Made in Dagenham (Nigel Cole, 2010)

08Oct10

Sally Hawkins (Rita O’Grady), Bob Hoskins (Albert Passingham), Miranda Richardson (Barbara Castle), Rosamund Pike (Lisa Hopkins). Screenplay by Billy Ivory. Directed by Nigel Cole. Rating: 15. Running time: 113 minutes.

Made in Dagenham is cinema’s tribute to the movement for equal pay in the same way that Milk was a retelling and appraisal of the fight for gay rights in America. Both feel remarkably cool and fresh in places, and each tries equally hard to blend humour with serious history. Like Milk, Made in Dagenham works. And yet for all its virtues, it doesn’t work quite as well as it should.

The girls the film shows us and has us believe were the pioneers of second-wave feminism are much younger than the real Dagenham strikers were, but the quirky beauty and delicious fashion sense of all of them excuses this seemingly cynical move. That’s right; the girls here aren’t political philosophers or first-class thinkers. The lead woman in the group of sewers for the seats of Ford cars is as interested in dresses as she is in rights. But she understands, as she crudely puts it, that having a dick shouldn’t entitle you to more money for the same work. With this in mind walk-outs ensue, gently encouraged by their remarkably soft (and perfectly casted) union representative played by Bob Hoskins.

Watching this situation develop is delightful. The girls descend on Westminster armed with banners and simple chants, and the balance is struck perfectly between painting the characters as heroic but also pretty ordinary and girlie women. To draw an analogy to Milk again, the rapid-fire mash-up of footage of Harvey running for public office and repeatedly failing is a feel replicated here – it’s truly funny without once undermining the content of the cause.

But the film doesn’t stay like this, and here, unfortunately, lies the problem that I oh so hoped could be avoided. Naturally the true impact of long-term striking needed to be looked at, and a suicidally depressed husband feeling neglected by his wife’s busy schedule injects a bit of gloom into this tale to say the least. What’s so bizarre, though, is how out of tune this sadly is with the rest of the film. We’re put in a mood and provided a perspective on the strikes that doesn’t prepare us for the arrival of such drama, and when interspersed with humorous takes on chauvinistic Ford executives’ reactions to the industrial action, absurdity is only the start of what springs to mind.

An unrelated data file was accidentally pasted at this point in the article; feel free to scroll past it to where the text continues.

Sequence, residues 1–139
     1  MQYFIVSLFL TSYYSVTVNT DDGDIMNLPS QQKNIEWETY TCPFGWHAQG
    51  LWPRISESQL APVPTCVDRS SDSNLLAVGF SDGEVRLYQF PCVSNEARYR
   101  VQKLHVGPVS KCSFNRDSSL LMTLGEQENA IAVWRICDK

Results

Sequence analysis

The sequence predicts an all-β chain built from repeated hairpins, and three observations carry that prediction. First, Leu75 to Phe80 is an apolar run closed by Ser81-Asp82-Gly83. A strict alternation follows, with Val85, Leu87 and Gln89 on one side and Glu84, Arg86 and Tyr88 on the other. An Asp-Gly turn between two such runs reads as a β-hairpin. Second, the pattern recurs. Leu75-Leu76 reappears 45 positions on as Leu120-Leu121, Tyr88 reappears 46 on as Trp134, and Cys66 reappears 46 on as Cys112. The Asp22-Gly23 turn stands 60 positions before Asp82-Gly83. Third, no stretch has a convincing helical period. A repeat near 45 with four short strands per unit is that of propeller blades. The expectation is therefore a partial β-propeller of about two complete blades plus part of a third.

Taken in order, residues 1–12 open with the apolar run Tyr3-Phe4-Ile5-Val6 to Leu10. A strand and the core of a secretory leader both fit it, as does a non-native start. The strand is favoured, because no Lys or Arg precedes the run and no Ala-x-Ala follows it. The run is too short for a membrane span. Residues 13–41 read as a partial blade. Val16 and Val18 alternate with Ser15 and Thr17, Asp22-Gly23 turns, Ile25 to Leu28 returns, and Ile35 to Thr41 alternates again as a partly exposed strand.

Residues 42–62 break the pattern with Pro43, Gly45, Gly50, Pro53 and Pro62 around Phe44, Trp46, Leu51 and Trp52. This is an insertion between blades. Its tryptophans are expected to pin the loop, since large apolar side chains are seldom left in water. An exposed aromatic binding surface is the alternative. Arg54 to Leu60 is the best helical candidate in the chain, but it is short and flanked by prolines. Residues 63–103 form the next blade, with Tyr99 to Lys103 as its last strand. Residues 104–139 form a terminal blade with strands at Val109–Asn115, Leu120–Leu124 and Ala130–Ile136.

I can’t emphasise enough what a shame this is, because in other respects the film really does excel to a remarkable extent. In particular it’s truly great how subtly oppression is shown to not only be in the workplace – brief conversations between women and schoolteachers and their husbands hint at much more than the strikes themselves do. The fleeting footage we have of the response within Whitehall also works very well. But for all this, and especially despite Made in Dagenham‘s irresistible aesthetics and acting, it sadly falls significantly short of the mark when considered as a collective whole. Their story is humbling in its quiet inspiration; unfortunately the director’s take on how we should perceive the events doesn’t quite match it.

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